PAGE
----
When asked about the top new services they planned to offer, 24 percent indicated software development with 12 percent answering IT infrastructure support and product design. The majority of providers also said they expected new work to more likely come from China and Asia than Europe or the U.S.
"One of the most telling themes was that, in the future, they want to focus more on the domestic industry than international clients. They realize they're not at the level of professionalism that makes them competitive for international business," Lewin says. "They're not ready to leapfrog India." That's a downshift from the more aspirational attitudes Lewin says he had seen in recent years.
Since 2006, the Chinese government has altered its approach to bolstering its services industry, identifying more than 20 cities that might be able to develop a good model that could be used throughout the country. "The approach is very Chinese," Lewin says.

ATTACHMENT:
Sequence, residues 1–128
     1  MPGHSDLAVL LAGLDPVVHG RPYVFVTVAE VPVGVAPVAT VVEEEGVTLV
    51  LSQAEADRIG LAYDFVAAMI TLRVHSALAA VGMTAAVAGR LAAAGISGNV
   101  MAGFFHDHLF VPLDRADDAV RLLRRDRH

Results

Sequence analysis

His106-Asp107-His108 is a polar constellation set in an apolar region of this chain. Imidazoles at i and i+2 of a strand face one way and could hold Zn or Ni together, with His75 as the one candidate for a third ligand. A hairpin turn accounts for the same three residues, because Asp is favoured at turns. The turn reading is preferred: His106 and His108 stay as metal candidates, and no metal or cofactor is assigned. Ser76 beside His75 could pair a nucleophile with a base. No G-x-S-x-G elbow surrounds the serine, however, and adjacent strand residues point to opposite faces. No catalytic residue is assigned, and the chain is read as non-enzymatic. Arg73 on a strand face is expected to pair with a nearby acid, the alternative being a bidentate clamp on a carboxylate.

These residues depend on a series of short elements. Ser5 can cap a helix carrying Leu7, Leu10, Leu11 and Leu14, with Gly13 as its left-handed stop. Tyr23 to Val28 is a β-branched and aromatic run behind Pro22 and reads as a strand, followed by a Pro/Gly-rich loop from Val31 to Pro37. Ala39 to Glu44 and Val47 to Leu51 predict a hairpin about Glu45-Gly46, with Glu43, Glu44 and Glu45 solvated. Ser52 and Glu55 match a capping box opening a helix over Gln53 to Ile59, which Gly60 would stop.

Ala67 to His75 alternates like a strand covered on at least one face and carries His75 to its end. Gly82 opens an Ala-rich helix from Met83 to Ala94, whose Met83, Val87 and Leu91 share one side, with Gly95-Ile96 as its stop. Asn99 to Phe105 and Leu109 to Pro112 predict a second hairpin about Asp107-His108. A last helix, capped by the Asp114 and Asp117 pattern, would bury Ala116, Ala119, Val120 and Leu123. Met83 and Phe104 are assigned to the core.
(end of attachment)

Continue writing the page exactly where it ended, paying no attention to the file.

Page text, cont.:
But Lewin has some other suggestions for the government, such as creating incentives for ISO standards compliance. That would send a clear message about the importance of process to the business. "China doesn't have a process orientation the way India or Germany or Japan does," Lewin says. "In China, if they find a shortcut they will take it, and they will not document it. I hear it all the time."
The U.S. mid-market could also be a growth opportunity for Chinese companies, but trying to sell internationally is prohibitively expensive for small players. The Chinese government "could create representative offices in the U.S. and reduce the marketing costs for them," says Lewin.
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